I Robot (album)

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For other uses, see I, Robot (disambiguation).
I Robot
Studio album by The Alan Parsons Project
Released June 1977
Recorded December 1976 – March 1977 at Abbey Road Studios
Genre Art rock[1]
Length 41:05
Label Arista
Producer Alan Parsons
The Alan Parsons Project chronology
Tales of Mystery and Imagination
(1976)
I Robot
(1977)
Pyramid
(1978)
Professional ratings
Review scores
Source Rating
Allmusic 4.5/5 stars[1]
Robert Christgau C[2]

I Robot is the second album by progressive rock band The Alan Parsons Project, engineered by Alan Parsons and Eric Woolfson in 1977. It was released by Arista Records in 1977 and re-released on CD in 1984 and 2007. I Robot is an art rock album that draws conceptually on author Isaac Asimov's science fiction Robot trilogy, exploring philosophical themes regarding artificial intelligence.[1]

Concept[edit]

The album was intended to be based on the I, Robot stories written by Asimov, and Woolfson actually spoke with Asimov, who was enthusiastic about the idea. As the rights already had been granted to a TV/movie company, the album's title was altered slightly by removing the comma, and the theme and lyrics were made to be more generically about robots rather than specific to the Asimov universe.[3][4]

The cover inlay read: "I Robot... The story of the rise of the machine and the decline of man, which paradoxically coincided with his discovery of the wheel... and a warning that his brief dominance of this planet will probably end, because man tried to create robot in his own image."

The title of the final track, "Genesis Ch.1 v.32," follows this theme by implying a continuation to the story of Creation, since the first chapter of Genesis only has 31 verses.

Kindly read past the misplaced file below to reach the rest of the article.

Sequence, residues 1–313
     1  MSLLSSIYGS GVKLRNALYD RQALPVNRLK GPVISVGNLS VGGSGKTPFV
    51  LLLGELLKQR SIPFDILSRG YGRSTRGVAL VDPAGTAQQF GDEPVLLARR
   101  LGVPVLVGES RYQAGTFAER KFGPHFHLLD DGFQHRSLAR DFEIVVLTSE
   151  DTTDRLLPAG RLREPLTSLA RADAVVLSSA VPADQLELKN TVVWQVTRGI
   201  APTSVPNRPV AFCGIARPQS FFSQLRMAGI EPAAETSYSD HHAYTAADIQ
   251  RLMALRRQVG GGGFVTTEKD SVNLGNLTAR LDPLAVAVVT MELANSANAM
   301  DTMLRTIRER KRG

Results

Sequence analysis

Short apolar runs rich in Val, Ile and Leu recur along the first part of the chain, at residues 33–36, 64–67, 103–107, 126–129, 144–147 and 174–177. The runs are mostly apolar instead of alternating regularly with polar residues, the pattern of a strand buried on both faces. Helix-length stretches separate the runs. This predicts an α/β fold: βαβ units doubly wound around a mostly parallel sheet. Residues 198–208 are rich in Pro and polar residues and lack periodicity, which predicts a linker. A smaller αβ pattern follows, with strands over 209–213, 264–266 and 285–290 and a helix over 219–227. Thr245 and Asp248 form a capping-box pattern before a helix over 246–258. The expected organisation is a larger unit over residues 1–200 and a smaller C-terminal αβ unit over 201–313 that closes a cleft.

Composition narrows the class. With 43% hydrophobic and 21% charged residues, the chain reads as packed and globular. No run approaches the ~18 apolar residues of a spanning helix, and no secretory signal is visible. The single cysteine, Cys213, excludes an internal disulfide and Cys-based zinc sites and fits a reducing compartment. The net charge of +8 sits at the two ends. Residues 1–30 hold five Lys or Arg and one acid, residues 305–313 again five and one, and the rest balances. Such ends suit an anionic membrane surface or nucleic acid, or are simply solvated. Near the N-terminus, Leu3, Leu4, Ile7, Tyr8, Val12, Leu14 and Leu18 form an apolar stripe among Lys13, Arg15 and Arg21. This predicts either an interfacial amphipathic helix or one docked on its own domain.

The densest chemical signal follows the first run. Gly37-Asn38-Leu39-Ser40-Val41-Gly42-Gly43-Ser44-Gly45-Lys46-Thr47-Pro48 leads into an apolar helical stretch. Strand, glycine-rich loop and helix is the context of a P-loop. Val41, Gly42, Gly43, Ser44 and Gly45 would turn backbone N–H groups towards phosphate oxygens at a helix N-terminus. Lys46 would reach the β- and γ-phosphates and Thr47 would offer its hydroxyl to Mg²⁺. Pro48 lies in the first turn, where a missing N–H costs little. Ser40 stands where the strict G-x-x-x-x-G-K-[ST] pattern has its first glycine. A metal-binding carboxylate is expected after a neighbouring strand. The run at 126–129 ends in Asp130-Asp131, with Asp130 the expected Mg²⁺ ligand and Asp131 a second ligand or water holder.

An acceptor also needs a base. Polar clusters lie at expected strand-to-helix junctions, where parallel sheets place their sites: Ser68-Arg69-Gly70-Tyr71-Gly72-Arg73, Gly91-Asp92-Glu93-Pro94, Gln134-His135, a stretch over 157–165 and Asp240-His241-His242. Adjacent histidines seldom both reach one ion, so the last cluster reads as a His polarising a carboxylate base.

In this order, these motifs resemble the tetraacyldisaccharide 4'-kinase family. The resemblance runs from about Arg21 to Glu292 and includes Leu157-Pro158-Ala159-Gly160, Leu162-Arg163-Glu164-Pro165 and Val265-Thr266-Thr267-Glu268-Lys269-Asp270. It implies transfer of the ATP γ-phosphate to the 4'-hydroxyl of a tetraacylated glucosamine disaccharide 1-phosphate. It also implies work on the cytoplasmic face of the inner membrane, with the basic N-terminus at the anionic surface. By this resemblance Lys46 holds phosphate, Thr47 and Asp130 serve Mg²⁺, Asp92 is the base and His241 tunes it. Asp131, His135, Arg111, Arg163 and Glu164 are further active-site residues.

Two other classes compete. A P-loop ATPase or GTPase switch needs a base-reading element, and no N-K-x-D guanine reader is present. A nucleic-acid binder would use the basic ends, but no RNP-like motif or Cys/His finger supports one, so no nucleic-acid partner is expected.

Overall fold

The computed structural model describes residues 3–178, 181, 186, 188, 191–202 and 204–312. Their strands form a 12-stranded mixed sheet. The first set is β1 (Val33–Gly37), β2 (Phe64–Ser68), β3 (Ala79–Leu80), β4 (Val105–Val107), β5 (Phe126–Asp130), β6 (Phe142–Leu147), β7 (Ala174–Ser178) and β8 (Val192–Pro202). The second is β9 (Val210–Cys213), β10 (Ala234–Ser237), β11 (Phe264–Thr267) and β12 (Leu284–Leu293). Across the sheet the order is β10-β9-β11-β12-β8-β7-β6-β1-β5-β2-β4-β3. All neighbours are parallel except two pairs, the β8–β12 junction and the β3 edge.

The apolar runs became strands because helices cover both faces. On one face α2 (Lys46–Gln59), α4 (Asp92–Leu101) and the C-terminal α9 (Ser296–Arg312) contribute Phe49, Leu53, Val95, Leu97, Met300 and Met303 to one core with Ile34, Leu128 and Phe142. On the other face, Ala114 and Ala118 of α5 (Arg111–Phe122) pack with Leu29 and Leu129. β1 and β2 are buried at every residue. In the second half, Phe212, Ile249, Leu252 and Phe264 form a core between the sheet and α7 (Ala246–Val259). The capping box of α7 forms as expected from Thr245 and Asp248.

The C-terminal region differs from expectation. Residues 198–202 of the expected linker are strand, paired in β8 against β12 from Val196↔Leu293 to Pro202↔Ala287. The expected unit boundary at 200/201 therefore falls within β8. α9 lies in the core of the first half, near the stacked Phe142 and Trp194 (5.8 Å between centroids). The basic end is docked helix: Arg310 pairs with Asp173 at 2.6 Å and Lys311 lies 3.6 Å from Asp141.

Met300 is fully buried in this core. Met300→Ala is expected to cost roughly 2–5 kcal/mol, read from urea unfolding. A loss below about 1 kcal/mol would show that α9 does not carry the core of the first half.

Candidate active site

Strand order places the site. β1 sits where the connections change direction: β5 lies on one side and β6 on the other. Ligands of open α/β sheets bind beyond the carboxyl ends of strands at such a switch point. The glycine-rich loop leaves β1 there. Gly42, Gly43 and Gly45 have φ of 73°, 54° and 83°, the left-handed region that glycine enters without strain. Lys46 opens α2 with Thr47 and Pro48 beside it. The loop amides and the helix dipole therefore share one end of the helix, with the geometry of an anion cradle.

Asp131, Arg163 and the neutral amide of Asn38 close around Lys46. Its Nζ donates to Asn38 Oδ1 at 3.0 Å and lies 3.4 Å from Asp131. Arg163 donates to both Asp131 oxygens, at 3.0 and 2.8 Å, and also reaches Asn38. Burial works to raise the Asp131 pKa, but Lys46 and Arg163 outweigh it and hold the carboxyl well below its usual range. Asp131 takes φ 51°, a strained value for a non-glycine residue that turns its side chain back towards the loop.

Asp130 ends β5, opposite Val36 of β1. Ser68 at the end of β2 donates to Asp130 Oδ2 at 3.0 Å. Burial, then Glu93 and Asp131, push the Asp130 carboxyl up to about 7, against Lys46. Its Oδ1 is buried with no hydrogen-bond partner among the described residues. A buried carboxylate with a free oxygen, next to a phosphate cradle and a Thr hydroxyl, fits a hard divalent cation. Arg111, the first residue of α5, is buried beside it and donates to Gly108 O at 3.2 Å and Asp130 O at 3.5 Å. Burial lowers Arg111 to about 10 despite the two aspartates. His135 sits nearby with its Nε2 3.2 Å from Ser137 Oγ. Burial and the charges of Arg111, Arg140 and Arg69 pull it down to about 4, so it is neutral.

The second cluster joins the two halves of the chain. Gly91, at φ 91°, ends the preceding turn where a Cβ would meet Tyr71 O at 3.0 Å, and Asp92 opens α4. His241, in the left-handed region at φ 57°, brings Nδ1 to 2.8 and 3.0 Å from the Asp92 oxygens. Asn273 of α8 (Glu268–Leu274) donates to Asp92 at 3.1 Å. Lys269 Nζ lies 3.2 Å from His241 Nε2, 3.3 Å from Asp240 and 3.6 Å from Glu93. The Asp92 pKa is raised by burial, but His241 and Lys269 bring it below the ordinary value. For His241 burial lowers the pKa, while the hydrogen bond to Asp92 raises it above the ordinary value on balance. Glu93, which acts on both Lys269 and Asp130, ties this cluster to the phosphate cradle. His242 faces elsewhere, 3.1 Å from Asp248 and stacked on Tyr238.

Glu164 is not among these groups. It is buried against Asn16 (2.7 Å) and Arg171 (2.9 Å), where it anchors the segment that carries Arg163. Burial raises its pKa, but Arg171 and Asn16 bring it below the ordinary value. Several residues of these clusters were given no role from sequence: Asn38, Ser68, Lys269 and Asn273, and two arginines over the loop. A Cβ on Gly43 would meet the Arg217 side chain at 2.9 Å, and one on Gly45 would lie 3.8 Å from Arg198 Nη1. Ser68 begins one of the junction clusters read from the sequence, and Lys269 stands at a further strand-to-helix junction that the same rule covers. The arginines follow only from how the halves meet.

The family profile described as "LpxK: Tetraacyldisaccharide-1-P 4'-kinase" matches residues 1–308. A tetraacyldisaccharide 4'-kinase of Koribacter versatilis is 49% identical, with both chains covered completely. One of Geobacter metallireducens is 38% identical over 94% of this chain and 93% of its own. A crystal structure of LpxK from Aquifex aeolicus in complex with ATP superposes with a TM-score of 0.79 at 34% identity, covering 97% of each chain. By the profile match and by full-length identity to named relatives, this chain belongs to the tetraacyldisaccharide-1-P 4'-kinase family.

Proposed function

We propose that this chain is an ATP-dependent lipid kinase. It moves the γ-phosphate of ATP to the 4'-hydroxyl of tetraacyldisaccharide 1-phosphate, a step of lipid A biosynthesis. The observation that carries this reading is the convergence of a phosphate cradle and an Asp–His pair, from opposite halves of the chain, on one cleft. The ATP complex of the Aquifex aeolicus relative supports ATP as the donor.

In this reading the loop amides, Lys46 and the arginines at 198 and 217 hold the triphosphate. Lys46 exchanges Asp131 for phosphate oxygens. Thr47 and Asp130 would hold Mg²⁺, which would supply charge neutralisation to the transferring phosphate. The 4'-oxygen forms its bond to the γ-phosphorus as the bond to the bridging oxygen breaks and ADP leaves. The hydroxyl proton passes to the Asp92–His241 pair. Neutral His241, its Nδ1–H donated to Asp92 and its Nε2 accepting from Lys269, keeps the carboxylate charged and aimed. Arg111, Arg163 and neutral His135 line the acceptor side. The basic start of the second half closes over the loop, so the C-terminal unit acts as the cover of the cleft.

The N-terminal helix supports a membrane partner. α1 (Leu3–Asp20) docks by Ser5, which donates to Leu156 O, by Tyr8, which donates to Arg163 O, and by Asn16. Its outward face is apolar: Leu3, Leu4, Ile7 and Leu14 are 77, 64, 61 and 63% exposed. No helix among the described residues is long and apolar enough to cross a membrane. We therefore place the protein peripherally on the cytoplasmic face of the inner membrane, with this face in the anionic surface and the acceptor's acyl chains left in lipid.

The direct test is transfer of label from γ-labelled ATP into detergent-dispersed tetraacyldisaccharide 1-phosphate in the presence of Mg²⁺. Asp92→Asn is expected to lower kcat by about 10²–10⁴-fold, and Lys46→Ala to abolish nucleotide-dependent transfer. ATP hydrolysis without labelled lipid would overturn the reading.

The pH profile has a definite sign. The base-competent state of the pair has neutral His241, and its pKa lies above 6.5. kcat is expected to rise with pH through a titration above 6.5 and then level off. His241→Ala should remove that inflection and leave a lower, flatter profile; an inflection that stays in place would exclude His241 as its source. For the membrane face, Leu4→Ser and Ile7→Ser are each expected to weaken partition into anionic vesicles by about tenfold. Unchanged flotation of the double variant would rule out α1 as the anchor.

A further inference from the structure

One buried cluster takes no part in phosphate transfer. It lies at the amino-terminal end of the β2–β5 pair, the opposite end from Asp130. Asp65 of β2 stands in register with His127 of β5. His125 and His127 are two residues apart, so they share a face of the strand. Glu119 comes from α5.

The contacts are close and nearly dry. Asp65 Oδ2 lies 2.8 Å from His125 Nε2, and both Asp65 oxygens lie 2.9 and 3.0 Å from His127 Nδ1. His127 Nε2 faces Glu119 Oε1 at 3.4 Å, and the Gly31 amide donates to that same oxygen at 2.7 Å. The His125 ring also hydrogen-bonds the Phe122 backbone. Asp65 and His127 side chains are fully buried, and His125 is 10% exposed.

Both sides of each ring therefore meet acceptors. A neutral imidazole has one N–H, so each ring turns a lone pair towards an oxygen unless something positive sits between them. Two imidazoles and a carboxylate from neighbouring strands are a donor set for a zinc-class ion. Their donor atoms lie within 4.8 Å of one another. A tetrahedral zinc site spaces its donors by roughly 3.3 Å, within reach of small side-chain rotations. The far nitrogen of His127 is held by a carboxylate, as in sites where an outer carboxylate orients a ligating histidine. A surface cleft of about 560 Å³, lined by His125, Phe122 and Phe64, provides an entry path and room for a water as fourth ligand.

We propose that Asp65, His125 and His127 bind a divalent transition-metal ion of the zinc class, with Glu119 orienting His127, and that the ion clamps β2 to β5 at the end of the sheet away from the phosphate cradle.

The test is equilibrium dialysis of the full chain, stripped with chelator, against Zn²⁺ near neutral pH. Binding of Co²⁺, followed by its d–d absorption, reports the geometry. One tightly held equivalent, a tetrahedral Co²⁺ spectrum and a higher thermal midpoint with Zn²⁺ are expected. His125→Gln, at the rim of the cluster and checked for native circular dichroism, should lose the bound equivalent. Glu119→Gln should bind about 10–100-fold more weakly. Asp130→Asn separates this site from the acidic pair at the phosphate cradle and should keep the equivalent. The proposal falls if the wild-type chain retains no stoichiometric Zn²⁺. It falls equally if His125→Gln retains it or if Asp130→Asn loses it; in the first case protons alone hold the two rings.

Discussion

The album cover photo of the band members is of the criss-crossing escalator tubes in the circular Terminal 1 building of Charles de Gaulle airport outside Paris. Over this is superimposed a painting of a robot with a stylised atom for a brain. The original vinyl release had a gatefold-style cover; the inside spread had printed the lyrics for the non-instrumental selections and a monochrome photograph of Parsons himself.

Songs[edit]

Three singles were released from the album: "I Wouldn't Want to Be Like You", "Don't Let it Show" and "Day After Day (The Show Must Go On)." The LP track "Breakdown" went into heavy rotation on AOR stations and continues to be played on classic rock radio.

"Don't Let It Show" was covered by Pat Benatar for her In the Heat of the Night LP.[5][6] Gail Godwin describes it as "much more sentimental than the usual Alan Parsons."[7]

"Some Other Time" was also covered by Arjen Anthony Lucassen in his 2012 album Lost in the New Real.

Reissues and remastering[edit]

I Robot has been reissued multiple times in various formats since its initial release on vinyl, including numerous audiophile releases.

Besides the 8 track, vinyl and compact cassette releases, Arista also released the original aluminium CD along with the rest of the Project albums, up to that time. Mobile Fidelity Sound Lab (MFSL) released the album on standard vinyl (MFSL 1-084), UHQR vinyl (MFQR 1-084), and on aluminium CD (MFCD-1-804). Classic Records has released the album in analogue form on 180 Gram Vinyl, as well as digitally on HDAD (24bit/192 kHz & 24bit/96 kHz DVD-Audio).